There can be no liberation for all Black people if we do not center and fight for those who have been marginalized. It is our hope that by working together to create and amplify a shared agenda, we can continue to move towards a world in which the full humanity and dignity of all people is recognized.

“Is the Movement for Black Lives on the right side of history?” Martin Luther King Jr. would likely ask our nation’s people today to either reject or support the movement’s platform, but to not “bewilder” by simply wishing the movement the best of luck.

We would love to hear the thoughts of our readers on this issue.—James Schaffer

  • Third Sector Radio USA

    Many of the “identity” movements of today are little more than complaints of not being part of the system. Here is a movement, particularly if taking the mantle of Dr. King, with the potential to take on the system itself. The system, rooted firmly in capitalism, does not work for most people, and it is working for fewer and fewer. This movement seems to recognize that a new system is needed–for our own (the human race) survival–one based on acknowledgement of the inter-relatedness of all, one based on adaptability to change, not a win-lose mentality.

  • Kebo Drew

    Ruth, I have a few ideas about this particular take on the platform, as well as some issues with how this was framed. Particularly, jumping from MLK Jr to BLM, without seeing the legacy of the Black Panther Party’s 10-point program, which also addressed freedom, health, an end to war, police violence and and the prison industrial complex, as well as “land, bread, housing, education, clothing, justice, peace and people’s community control of modern technology.” From addressing health disparities (sickle cell anemia being one of the main foci), providing free food, and creating schools, there is a continuum that links the movements mentioned to previous activism from Black people, from the abolitionists to the nascent NAACP.

    What this platform is, and does, is provide broad possibilities for the entire nonprofit field. As one white nonprofit professional noted “this is beautiful,” and it could put nonprofits out of business, in a good way, by eliminating the issues, like homeless, that we fight so hard to address and end.

    We can and should align our missions to this platform, how many of us work on divestment from fossil fuels, opting out of mandatory testing and charter schools, universal healthcare, housing, immigration and education for all? How many of us are concerned about how much money floods into our elections, or the way that our nominations, conventions and elections proceed?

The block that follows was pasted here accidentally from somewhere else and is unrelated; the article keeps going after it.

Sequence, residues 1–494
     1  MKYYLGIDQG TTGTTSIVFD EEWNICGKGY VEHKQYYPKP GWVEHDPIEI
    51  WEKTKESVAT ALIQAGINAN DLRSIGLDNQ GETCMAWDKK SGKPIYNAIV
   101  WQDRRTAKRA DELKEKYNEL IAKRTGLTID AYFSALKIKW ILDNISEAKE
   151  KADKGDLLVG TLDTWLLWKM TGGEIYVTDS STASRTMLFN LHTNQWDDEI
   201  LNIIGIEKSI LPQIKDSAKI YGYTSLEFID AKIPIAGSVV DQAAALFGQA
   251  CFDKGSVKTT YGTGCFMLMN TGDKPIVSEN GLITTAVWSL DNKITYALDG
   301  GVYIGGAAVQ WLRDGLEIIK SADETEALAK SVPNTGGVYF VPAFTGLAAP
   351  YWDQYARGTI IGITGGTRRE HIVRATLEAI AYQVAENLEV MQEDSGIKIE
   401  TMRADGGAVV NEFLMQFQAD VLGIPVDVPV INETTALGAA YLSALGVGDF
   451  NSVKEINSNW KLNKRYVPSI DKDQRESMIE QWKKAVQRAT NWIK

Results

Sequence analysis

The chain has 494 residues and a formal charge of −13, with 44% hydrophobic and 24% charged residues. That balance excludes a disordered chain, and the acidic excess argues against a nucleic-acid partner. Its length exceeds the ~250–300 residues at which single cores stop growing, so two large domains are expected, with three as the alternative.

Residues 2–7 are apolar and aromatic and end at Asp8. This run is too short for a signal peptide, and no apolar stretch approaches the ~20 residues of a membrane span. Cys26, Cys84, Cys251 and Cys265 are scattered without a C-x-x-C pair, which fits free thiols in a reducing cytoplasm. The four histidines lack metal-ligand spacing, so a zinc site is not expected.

This vision allows us to move away from a world where a “rising tide lifts all boats,” because it acknowledges that some boats are leaking, without engines, and not made for ocean voyages, and because some of us who cannot swim are in the water without a life vest. (And if this brings up images of Haitian and Cuban migrants to the U.S., to migrants from throughout Africa and Syria coming into Europe, then you understand what I mean.)

    This vision, connects Black people to Native American and Indigenous people in its call for clean land and water – because it is Native people who demonstrate the strongest environmental justice leadership. It connects Black people to other people of color, and to poor white people. This vision lifts up those of us on the outer margins, or under the bottom of the U.S. and global hierarchies.

    This vision, if it were to manifest, would make EVERYONE’s lives better.

    Should I email you all?

  • Cheeseheadslim

    I don’t appreciate the way the repubs ryan, walker, clark can roll out their shedy campaign of black vs white hate mongering, 17th century English arguing over the down trodden,very lives and taxes again

  • staceylh2

    You ask the question, “Is the Movement for Black Lives too impatient and uncivil in promoting their agenda?” Seriously, how can a movement that is desperately trying to save the lives of their people be labeled “too impatient and uncivil?” Shall minorities politely request that the targets come off? I am not Black, but I do support the Black Lives Matter agenda. I am a Cherokee woman, and would also note that Native people are THE most likely to die by violence of any group in the United States of America. It’s hard not to resent the attention paid to one minority while another suffers from a continued pattern of genocide. Perhaps “ALL” lives do matter, but to water down the immediate life threat to those who are dying is both ingenuous and callous. PEOPLE OF COLOR are dying, and there is a distinct and disturbing lack of outrage. There is no need to be civil about that.